Monday, July 28, 2014

Did you know? - Equity's service standards

Every year, members call and write to the office a few thousand times, for all kinds of reasons. Sometimes it's just an information request. Other times, it has to do with an imminent or active contract, where the member needs specific details on engagement terms. Every so often, members contact the office because there is a problem that needs solving. And on top of all these service interactions with members, there are many more from engagers and others with various needs for assistance.

Equity is, at its core, a service organisation, so Council has placed a big focus on doing that well – we have written comprehensive policy to ensure the best possible service standards in all areas.

But service standards are only lip service, if you don't know what they are – what you can expect in terms of service and response times – or how to proceed if those standards are not met. And so, we've made some recent changes to up our game even further.

At the top right of our main web page is a new button labelled "Compliments, comments, criticisms?" If you have a service issue, both Council and Equity's staff encourage you to use it. Behind that button lies information on our service standards and a simple, three-step process to ensure any issue with service receives the timely attention that it deserves.

Most problems are readily solved. But for those that aren't, a formal complaint process is also available. All complaints are addressed promptly by the appropriate staff, or by Council, if the matter involves the Executive Director. But beyond that, they are also logged and reported to Council on a regular basis, so that we can watch for patterns and address them proactively.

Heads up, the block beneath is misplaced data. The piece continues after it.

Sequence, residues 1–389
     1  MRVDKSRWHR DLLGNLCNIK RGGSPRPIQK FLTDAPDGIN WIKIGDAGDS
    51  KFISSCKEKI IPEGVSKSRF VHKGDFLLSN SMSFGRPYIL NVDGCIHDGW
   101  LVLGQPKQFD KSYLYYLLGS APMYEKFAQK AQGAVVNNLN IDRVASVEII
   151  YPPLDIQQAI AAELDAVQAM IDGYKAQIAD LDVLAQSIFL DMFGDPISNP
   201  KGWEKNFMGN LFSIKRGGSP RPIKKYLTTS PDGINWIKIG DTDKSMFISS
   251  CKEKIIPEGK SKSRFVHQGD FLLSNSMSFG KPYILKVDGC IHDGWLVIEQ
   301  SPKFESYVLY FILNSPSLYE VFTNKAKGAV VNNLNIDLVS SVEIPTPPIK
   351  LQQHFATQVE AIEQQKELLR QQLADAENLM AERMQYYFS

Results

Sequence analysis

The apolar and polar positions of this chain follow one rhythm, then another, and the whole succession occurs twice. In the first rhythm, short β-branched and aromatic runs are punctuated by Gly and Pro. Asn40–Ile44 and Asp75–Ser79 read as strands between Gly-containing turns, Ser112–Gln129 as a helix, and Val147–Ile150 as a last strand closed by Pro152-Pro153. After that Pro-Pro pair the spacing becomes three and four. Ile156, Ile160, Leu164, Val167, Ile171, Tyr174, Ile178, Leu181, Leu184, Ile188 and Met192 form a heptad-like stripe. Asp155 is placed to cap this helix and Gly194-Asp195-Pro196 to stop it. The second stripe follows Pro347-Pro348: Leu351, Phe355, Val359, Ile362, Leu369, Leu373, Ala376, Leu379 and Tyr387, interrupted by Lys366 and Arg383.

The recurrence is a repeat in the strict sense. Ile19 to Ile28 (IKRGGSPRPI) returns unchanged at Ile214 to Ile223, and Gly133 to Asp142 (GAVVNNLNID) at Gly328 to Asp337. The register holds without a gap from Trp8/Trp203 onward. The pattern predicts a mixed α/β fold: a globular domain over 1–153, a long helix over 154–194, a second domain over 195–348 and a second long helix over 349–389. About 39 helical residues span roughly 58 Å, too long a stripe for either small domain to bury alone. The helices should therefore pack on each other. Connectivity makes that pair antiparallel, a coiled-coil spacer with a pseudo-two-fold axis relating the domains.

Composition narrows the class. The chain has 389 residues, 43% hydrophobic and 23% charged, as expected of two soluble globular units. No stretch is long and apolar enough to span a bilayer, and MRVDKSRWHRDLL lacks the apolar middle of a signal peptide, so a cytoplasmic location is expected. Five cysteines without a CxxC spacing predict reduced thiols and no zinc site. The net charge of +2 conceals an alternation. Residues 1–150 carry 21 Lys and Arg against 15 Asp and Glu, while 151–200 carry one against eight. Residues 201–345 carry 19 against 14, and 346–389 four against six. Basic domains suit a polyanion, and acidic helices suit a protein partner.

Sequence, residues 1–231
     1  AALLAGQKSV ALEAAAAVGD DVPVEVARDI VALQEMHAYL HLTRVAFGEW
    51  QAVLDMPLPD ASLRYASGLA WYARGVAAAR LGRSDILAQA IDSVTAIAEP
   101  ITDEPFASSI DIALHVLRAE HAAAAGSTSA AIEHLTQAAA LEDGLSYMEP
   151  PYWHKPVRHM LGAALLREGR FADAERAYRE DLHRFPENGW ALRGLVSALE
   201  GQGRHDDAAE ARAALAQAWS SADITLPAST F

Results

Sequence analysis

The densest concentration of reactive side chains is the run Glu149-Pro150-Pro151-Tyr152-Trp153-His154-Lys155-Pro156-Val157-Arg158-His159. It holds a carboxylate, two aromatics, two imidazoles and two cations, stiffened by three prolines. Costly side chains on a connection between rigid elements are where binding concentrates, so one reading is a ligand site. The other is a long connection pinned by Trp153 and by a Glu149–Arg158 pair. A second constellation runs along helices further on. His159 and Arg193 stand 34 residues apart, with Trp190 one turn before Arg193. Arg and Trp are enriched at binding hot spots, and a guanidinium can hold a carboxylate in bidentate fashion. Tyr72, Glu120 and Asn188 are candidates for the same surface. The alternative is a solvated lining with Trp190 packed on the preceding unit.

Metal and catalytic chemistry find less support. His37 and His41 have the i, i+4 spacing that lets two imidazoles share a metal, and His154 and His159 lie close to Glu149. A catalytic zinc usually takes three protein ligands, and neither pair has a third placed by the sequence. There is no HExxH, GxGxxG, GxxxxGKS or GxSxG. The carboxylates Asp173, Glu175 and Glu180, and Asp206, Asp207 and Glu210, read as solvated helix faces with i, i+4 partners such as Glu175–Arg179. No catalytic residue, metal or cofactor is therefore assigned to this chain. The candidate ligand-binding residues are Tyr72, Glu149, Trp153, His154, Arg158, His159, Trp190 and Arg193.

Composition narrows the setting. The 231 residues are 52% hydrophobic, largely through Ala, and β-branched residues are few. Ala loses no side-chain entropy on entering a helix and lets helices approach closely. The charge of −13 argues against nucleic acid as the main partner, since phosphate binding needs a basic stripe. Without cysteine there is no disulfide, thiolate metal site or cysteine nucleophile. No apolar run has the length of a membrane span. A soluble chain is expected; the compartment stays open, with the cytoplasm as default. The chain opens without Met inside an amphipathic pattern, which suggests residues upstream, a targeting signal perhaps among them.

In the context of the thousands of service interactions each year, problems are fortunately rare. However, we're all human, and sometimes things do go awry. Council and staff recognise the impact that even minor seemingly issues can have in the context of an individual production or a members' livelihood, and we are committed to identifying problems if they occur and working toward continued improvement.

Please, help us help you better.

Monday, July 7, 2014

Did you know? - Health and Safety Training for Theatre Artists in Ontario

Under an expanded initiative by the Ministry of Labour in Ontario, all workers must take basic health and safety training. Including theatre artists of all stripes. Including employees and independent contractors. In short: including you.

Perhaps the easiest way to take the training is online, where it consists of roughly 45 minutes of videos, information pages, and short quizzes. There is also a paper-based version.

The response from many in the community has been about what you'd expect…
"What a waste of time!" 
"The material is boring."
"The questions are so simple, it would take an utter fool to get the answers wrong."
"I can see how this would apply in an office/factory/construction site/warehouse/etc., but it has nothing to do with me."
Well, it does.

In Ontario, there are three levels of responsibility for health and safety in the workplace.  (I suspect it is similar elsewhere, too.) Business owners have their layer of responsibility. Supervisors have their layer. And workers have theirs. And the law says that you have to know, understand, and live up to yours. In fact, you have had this responsibility for a very long time, whether you knew it or not.

So, if you've managed this long without the training, why should you bother now?

Well, you could learn something about health and safety in the workplace, and your rights and obligations. That wouldn't be so bad. You could learn something about how to recognize an unsafe situation and respond, and save yourself from injury. That wouldn't suck too much, either. You could learn how to save someone else from injury or illness. Probably worth a few minutes of your time, no?

But if learning stuff and staying safe just isn't your thing, then consider the following. One of the owner and supervisor responsibilities is to ensure that all of their workers (including you) have the requisite training, and failure to do so is a huge liability for them. If something goes awry, and an MOL inspector wants to see copies of all the training certificates, the last thing any theatre will want to discover is that they don't have them on file for everyone involved. And so you can expect that theatres will begin to require these as a condition of engagement.

How's that for a reason?

So, invest an hour of your life in acquiring some useful knowledge, and a skill certification. You're going to need to show that piece of paper sooner or later, so don't forget to save or print it at the end of the course. (You don't want to have to watch those videos twice, do you?)